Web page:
• Get Rid of the Pit: First and foremost, make sure you remove the pit from the plum. The pit can pose a choking risk and might even contain a small amount of cyanide, which is harmful to parrots.
  • Give ‘Em a Good Rinse: Before presenting the plum to your feathered friend, give it a thorough wash to eliminate any dirt or potentially harmful pesticides.
  • In Moderation: While it’s okay for parrots to enjoy plums, it’s essential to offer them in moderation. Plums, like other fruits, contain a fair amount of sugar, so they shouldn’t make up a significant part of your parrot’s diet. Keep it balanced for their well-being.
  • Slice into Parrot-Sized Pieces: To make it easier for your parrot to eat and digest, consider cutting the plum into small, bite-sized pieces. This not only prevents choking but also aids in their digestion process.
  • Watch for Reactions: It’s essential to monitor your parrot for any unusual reactions, such as diarrhea or bloating, especially the first time you introduce them to plums. This cautious approach helps ensure their well-being and enjoyment of this occasional treat.

How many plums can I feed my parrot?

When it comes to feeding different sizes of parrots, like Budgerigars, Lovebirds, and Conures, you want to be mindful of their plum intake. In my experience with these small parrots, it’s best to provide them with a small slice of plum, or a few tiny pieces, just once a week or even less frequently. This will keep them happy and healthy.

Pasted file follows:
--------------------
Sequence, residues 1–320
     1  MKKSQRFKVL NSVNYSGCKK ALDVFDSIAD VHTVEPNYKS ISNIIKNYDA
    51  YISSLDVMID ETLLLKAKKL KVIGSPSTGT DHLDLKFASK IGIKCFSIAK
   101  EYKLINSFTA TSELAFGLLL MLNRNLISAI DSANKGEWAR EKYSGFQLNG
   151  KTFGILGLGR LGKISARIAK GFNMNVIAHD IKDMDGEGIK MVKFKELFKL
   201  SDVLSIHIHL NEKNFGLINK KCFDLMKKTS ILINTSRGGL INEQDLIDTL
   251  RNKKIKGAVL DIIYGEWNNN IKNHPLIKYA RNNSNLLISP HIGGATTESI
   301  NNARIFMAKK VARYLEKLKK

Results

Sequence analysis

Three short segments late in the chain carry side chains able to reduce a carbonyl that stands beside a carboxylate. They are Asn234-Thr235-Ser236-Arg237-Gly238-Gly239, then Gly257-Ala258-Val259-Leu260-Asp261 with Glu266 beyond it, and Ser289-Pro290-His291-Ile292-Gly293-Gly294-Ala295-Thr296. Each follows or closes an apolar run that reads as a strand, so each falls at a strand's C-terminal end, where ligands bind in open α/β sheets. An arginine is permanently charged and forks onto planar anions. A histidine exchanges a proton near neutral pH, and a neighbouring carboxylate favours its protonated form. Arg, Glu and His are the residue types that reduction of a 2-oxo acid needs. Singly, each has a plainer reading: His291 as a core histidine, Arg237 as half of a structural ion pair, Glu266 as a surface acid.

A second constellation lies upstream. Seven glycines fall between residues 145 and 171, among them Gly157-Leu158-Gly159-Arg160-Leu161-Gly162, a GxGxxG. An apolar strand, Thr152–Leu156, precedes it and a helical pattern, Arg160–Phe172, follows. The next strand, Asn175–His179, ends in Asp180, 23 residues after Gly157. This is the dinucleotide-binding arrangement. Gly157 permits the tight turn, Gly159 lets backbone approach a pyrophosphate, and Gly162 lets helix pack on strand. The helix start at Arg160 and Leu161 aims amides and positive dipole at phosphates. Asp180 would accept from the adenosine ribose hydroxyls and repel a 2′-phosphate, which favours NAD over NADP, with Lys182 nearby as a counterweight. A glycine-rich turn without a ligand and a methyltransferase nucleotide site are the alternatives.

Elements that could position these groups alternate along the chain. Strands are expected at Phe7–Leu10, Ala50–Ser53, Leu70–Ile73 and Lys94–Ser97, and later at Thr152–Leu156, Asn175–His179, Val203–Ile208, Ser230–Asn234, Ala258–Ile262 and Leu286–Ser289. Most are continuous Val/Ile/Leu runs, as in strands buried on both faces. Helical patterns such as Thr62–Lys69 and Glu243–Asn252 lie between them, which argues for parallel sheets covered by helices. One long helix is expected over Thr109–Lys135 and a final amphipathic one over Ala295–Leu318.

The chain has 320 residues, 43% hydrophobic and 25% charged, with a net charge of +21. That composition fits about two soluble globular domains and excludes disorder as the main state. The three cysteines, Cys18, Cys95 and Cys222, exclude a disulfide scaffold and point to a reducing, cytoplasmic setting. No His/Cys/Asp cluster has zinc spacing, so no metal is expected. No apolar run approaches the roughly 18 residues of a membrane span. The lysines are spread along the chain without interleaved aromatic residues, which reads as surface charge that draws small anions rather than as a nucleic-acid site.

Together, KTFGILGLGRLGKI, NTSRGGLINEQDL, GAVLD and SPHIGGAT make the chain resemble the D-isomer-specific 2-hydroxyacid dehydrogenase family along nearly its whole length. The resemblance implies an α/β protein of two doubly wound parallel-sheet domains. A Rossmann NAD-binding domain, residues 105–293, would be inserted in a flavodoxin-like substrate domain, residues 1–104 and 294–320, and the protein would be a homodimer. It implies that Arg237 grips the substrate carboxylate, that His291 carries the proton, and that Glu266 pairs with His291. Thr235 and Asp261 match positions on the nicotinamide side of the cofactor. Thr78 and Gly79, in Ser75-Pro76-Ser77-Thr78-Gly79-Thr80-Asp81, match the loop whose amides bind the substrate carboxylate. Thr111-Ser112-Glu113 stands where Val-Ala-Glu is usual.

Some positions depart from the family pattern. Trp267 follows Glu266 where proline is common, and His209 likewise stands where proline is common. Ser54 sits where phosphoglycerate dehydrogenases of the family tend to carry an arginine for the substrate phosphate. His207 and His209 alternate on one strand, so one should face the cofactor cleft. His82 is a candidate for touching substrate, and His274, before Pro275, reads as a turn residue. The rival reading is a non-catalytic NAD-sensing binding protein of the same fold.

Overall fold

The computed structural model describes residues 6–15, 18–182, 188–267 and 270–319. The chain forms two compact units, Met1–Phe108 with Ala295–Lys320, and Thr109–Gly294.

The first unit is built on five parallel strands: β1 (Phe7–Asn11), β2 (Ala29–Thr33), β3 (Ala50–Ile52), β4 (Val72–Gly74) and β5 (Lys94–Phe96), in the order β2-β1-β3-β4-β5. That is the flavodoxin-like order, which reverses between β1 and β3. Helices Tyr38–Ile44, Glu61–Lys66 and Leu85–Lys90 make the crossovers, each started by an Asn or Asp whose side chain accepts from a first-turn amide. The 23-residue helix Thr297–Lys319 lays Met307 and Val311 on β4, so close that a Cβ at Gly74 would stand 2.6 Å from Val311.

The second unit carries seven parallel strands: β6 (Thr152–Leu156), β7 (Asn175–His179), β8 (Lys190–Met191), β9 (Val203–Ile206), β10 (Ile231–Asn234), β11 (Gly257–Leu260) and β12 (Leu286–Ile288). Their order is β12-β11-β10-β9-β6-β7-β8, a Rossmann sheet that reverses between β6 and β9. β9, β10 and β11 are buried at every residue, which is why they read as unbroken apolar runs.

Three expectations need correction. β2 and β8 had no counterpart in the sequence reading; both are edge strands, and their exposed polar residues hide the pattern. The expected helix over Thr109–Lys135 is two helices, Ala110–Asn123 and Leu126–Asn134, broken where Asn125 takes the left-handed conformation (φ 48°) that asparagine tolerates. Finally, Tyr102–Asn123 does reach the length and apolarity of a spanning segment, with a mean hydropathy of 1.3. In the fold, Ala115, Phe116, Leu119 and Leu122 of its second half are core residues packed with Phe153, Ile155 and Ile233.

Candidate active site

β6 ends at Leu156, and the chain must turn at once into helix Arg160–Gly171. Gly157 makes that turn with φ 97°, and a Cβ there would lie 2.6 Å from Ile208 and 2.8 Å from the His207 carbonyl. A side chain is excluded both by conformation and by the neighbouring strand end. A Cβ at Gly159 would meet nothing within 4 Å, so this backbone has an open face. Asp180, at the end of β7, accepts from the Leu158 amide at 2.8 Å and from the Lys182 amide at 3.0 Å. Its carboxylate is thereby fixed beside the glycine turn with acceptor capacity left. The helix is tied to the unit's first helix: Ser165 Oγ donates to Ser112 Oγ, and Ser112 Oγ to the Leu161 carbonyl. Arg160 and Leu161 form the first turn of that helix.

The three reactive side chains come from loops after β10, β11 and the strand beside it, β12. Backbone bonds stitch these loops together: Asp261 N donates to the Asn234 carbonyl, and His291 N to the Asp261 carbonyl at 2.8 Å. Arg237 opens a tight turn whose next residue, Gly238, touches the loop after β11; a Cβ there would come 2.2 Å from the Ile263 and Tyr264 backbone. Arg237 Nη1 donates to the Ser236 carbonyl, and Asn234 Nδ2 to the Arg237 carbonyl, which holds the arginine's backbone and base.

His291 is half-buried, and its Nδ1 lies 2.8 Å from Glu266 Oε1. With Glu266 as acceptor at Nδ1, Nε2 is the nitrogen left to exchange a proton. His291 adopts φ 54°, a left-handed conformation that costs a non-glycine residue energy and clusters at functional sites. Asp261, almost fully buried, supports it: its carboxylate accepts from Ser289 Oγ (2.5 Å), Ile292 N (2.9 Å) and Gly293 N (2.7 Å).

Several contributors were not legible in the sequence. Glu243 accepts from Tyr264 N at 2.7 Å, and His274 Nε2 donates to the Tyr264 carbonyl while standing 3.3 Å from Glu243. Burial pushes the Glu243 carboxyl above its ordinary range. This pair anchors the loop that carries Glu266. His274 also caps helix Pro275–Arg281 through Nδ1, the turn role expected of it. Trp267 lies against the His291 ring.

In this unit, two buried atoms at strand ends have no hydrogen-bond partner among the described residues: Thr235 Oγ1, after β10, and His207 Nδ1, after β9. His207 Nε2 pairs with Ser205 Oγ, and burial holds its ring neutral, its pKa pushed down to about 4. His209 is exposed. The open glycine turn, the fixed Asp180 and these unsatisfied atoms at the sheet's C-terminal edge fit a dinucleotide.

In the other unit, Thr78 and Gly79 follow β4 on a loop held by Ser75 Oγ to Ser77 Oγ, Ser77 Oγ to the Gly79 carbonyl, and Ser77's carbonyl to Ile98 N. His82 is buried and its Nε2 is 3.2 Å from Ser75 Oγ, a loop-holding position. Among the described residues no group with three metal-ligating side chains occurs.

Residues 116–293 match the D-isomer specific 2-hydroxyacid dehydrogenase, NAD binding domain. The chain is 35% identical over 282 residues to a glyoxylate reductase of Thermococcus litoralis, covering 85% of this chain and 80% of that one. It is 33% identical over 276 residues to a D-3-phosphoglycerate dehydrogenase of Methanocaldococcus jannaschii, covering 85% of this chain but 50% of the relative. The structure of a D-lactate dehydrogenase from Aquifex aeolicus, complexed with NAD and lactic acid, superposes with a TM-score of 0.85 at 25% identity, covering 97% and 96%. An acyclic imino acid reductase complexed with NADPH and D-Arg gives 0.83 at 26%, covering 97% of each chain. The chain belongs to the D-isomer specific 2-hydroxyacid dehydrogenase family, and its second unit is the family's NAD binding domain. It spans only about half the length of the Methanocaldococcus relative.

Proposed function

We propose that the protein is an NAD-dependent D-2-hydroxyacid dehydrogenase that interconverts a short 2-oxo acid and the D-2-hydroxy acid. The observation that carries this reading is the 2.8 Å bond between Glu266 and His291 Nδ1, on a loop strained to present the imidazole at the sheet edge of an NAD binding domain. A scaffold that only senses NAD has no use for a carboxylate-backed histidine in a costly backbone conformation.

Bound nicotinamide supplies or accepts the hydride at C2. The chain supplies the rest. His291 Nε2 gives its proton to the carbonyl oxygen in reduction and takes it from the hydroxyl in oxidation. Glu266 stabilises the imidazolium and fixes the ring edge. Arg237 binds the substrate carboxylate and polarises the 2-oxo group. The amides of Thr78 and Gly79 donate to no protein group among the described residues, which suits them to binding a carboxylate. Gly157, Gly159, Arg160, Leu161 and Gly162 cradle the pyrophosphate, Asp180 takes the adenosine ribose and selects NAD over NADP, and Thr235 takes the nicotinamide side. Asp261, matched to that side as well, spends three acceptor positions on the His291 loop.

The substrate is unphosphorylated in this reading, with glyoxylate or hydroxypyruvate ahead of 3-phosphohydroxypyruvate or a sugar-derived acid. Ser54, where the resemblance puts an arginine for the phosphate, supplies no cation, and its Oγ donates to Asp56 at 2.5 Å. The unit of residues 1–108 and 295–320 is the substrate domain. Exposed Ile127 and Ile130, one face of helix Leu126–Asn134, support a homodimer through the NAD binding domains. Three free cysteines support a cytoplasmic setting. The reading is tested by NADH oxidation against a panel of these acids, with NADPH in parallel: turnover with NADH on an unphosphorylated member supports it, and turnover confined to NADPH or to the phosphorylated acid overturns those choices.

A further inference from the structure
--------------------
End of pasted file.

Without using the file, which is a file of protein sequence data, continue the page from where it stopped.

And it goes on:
Now, for medium-sized parrots such as African Greys and Amazons, you can be a bit more generous. I’ve found that offering them about a quarter of a plum or a handful of pieces every one to two weeks works well. This gives them a tasty treat without overindulging.

As for our larger feathered friends like Macaws and Cockatoos, they can handle a bit more plum goodness. Based on my personal experience, providing them with roughly half a plum or a small pile of pieces every one to two weeks should do the trick. It’s essential to strike the right balance to ensure their well-being and happiness.

Can parrots eat black plums?

Indeed, black plums are safe for parrots to consume, but it’s crucial to take out the plum stone before giving it to them. The pit is inedible and poses a danger to parrots


To sum it up, plums can be a safe and healthy treat for your feathered friends, the parrots. These fruits come with a bunch of good stuff for your parrot’s well-being and can be a delightful part of their meals. 

Nevertheless, it Is crucial to handle these plums correctly and serve them in reasonable amounts to prevent any possible health issues. As a rule of thumb, it is wise to have a chat with your trusted vet before making any tweaks to your parrot’s menu. After all, the health of your cherished parrot is what matters most.


  • Ali Shahid

    Ali Shahid is a veterinarian by profession and an animal lover. He loves to give expert opinions about different animals. He has worked in top organization of birds like Bigbird Feed and Poultry Research institute. He loves birds, especially parrots and has great experience in different parrot farms.